Chanterelles are a seasonal treat in this neck of the woods, either for the eye or the table. Their distinctive shape, smell, and bright yellow color make them easy to identify.
The trouble is knowing where to find them.
Skilled mushroom hunters can anticipate where and when each kind of mushroom will be abundant. I am not so skilled, but enjoy planning out the hunt and awating the right conditions of temperature and humidity that cause fruiting of the mushroom above ground.
The larger part of the body is generally located below ground or in the wood of trees. It is a network of thread-like hairs that collects sugars and nutrients for cell growth and occasionally sends up a “fruit” laden with spores for reproduction. We can pick (and eat) these growths sustainably as long as we get them before the insects and animals do.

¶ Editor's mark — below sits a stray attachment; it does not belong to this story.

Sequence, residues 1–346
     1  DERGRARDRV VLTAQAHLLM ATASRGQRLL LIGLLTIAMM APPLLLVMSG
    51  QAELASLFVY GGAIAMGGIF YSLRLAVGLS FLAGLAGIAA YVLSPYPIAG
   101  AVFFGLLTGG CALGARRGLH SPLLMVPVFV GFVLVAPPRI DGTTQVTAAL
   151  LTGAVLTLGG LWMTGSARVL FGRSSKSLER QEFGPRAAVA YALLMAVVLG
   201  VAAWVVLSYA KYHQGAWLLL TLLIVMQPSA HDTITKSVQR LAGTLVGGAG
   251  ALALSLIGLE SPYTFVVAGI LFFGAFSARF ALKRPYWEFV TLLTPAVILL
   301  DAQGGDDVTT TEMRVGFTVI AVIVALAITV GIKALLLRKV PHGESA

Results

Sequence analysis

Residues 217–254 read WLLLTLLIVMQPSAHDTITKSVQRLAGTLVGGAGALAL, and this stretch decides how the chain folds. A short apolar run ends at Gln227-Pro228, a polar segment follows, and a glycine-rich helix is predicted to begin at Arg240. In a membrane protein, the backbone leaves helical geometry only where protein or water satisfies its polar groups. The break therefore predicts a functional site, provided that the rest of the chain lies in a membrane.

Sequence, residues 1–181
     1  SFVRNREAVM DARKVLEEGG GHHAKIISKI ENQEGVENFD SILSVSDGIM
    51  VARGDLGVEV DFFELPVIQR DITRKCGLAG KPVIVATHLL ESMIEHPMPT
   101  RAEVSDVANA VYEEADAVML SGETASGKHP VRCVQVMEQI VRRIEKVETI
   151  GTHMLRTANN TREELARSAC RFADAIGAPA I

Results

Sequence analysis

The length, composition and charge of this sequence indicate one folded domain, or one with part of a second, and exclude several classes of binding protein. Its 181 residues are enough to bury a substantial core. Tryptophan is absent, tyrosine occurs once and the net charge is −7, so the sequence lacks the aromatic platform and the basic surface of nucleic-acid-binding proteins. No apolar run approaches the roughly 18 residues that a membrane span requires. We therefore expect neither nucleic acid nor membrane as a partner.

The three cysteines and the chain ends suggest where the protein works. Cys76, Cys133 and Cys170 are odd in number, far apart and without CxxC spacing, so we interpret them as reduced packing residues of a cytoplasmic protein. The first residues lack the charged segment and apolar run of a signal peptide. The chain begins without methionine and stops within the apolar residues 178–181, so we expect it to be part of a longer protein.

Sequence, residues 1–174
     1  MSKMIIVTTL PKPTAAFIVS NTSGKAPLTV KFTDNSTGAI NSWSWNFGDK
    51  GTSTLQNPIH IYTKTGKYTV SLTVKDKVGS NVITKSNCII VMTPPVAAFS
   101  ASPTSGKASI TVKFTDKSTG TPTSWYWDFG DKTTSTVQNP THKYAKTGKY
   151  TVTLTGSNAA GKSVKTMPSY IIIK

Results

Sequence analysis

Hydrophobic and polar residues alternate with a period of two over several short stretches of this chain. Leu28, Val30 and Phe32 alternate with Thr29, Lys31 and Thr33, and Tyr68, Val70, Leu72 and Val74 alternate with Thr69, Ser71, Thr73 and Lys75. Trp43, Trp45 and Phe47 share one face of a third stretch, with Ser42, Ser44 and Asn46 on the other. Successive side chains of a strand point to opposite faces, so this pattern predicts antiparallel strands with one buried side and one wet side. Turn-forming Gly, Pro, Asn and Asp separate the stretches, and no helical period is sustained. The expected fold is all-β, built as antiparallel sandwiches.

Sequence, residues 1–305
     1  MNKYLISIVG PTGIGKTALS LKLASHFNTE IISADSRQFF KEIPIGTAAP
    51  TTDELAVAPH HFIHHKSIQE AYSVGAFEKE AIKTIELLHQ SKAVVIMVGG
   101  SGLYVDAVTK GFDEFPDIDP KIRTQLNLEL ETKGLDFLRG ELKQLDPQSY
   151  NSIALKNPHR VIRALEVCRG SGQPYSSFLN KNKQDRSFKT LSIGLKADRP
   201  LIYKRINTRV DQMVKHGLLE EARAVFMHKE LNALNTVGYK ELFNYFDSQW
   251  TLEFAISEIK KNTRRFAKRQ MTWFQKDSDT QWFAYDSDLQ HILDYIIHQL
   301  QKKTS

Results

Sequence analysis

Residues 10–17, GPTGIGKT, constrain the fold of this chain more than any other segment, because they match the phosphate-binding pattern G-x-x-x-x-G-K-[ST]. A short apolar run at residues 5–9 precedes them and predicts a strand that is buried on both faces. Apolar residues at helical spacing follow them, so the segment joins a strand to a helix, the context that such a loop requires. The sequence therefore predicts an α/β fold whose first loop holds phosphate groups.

Some types of mushrooms are poisonous and a few are dangerously so, but many more are edible. All species of chanterelles are considered to be choice and are excellent served with eggs.
In midsummer, I begin checking locations where I have seen chanterelles before and search new areas when the timing and trees are right. They are generally found in forests that are dominated by oak, and will appear in the same location year after year. However, they are difficult to establish at home.
Like the ladyslipper orchid, chanterelles live in a symbiotic relationship between the tree roots and mycorrihaze of the fungus underground. Enjoy the hunt and good luck finding a patch.
Fungus of all ages are invited to learn more on a mushroom walk sponsored by the Lewisboro Land Trust, which I will lead on Sunday, Sept. 29, at Brownwell Preserve, from noon to 2 p.m. The preserve is located on Route 138 in Golden Bridge at the end of Harriet Lane.